iWish: iTunes “Works”

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I’ve written in the past about the complications of using iTunes and the iPod to store and play back classical music. Well, there’s a simple way that iTunes could improve the user experience for classical music fans, and it’s something that the iTunes Music Store already uses.

[Since I first posted this article in late 2004, nothing has changed. I’m re-posting it now just in case anyone at Apple is reading my blog, and happens to notice this. We classical music listeners need this functionality in iTunes and the iPod.]The iTunes Music Store lets you purchase “works” for many classical albums. While some are simply presented in a list of movements, others have works grouped together. As you can see in the above screen shot, Apple groups multi-movement works together to make it easier to purchase single works rather than entire albums; it enters the name of the work in the Grouping tag. But why doesn’t Apple use this same possibility in iTunes after you buy the music? And why can’t you use this same grouping in iTunes for your own music?

While I point out in this article that it’s easy to join tracks when importing them, this has drawbacks: you can’t see the names of individual parts of a work (which is especially annoying when listening to an opera or other long work with many parts) and you can no longer choose to listen to a specific part or movement.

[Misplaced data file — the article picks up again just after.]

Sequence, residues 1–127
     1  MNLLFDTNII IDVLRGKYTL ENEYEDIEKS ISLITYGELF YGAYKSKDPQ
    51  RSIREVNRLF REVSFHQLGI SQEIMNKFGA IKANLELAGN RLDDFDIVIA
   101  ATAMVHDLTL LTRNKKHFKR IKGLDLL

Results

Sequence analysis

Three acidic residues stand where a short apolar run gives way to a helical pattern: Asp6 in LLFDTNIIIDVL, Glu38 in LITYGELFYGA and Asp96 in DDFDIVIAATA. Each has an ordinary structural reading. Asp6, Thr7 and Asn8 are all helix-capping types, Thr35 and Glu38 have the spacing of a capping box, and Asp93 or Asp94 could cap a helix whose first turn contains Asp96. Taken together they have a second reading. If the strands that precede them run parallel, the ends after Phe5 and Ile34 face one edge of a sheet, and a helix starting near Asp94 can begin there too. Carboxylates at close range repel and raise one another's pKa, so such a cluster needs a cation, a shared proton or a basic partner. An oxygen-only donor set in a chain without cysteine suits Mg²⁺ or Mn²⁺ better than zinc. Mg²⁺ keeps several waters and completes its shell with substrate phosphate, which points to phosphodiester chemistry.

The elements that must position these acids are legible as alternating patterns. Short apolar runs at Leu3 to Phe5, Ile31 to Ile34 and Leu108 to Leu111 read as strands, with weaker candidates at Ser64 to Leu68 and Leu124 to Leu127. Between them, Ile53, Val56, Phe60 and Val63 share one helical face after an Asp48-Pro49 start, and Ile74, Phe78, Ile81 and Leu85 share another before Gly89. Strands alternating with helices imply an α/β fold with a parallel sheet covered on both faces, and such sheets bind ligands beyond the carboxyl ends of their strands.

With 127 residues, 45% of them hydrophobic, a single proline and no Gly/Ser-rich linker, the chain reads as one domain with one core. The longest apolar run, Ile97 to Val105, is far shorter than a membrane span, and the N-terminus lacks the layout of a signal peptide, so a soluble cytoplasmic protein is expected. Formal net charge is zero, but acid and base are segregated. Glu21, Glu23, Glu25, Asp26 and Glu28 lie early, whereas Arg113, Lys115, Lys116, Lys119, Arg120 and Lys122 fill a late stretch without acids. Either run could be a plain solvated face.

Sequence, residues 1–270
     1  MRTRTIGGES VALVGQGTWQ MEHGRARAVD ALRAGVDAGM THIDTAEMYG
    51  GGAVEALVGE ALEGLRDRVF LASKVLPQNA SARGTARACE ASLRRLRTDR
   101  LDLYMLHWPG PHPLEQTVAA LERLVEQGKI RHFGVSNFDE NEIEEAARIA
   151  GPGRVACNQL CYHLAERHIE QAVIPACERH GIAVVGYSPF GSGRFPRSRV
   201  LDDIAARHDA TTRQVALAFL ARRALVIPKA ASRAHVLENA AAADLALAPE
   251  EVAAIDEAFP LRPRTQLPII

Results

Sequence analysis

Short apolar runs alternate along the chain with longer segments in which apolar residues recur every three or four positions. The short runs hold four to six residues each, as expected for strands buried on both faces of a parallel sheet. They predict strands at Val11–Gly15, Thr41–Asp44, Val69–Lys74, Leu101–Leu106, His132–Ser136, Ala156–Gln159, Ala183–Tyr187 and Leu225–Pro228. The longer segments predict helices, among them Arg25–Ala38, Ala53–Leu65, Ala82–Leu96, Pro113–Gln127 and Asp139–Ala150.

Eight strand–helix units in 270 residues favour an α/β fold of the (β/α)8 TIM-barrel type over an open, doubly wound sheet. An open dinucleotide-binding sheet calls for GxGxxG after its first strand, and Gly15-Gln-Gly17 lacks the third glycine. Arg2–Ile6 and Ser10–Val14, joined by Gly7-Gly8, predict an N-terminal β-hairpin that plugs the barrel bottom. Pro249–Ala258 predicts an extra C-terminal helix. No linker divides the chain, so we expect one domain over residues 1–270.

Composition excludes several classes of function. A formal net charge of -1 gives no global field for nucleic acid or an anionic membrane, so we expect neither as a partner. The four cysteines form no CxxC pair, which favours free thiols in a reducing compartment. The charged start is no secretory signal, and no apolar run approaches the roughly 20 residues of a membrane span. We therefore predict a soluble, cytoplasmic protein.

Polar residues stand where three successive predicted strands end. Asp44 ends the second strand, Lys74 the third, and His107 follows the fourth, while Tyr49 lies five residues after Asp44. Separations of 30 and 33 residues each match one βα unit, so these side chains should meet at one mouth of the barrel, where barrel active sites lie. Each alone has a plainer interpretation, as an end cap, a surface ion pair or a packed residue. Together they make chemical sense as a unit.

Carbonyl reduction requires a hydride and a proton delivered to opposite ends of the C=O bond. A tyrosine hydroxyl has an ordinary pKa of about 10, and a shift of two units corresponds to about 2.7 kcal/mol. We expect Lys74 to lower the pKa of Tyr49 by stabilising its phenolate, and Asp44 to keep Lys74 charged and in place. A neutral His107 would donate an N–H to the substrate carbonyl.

Clearly, iTunes has this ability; at least for the iTunes Music Store. This would be a great feature to provide in a future version of iTunes, not only for classical music fans, but even for those who want to group their albums together in this way. In fact, you can see this in action on the iTunes Music Store listing for the Complete U2 set. Each album is listed at one level with the contents of the album at the next level.

10 thoughts on “iWish: iTunes “Works”

  1. "File…"
    "New Smart Playlist…" "Live Updating"
    "Genre is Classical"

    Sort by song title.

    The only thing you don’t have are the disclosure triangles.

    • You don’t get it – if you import CDs unjoined, or if you buy from iTunes, the
      tracks don’t stay together by work. So you’d get an aria from an opera,
      followed by a movement from a Bach cantata, followed by a string quartet
      movement, etc. Not the way to listen to classical music.

  2. "File…"
    "New Smart Playlist…" "Live Updating"
    "Genre is Classical"

    Sort by song title.

    The only thing you don’t have are the disclosure triangles.

    • You don’t get it – if you import CDs unjoined, or if you buy from iTunes, the
      tracks don’t stay together by work. So you’d get an aria from an opera,
      followed by a movement from a Bach cantata, followed by a string quartet
      movement, etc. Not the way to listen to classical music.

  3. Kirk, I’m totally with you on this wish
    My wife and I have been longing for this for a while now. We mostly want
    it for easier iPod navigation. It really sucks when you a track named
    Horn Concerto in E-Flat, Op. 999 Mvmt. 1 – Allegro. The iPod
    only
    displays a very small segment of that title in the navigation. This makes it
    really hard to find the right movement. Groupings, like those in iTMS, would
    enable you to navigate to… Artist -> Album -> Work -> Movement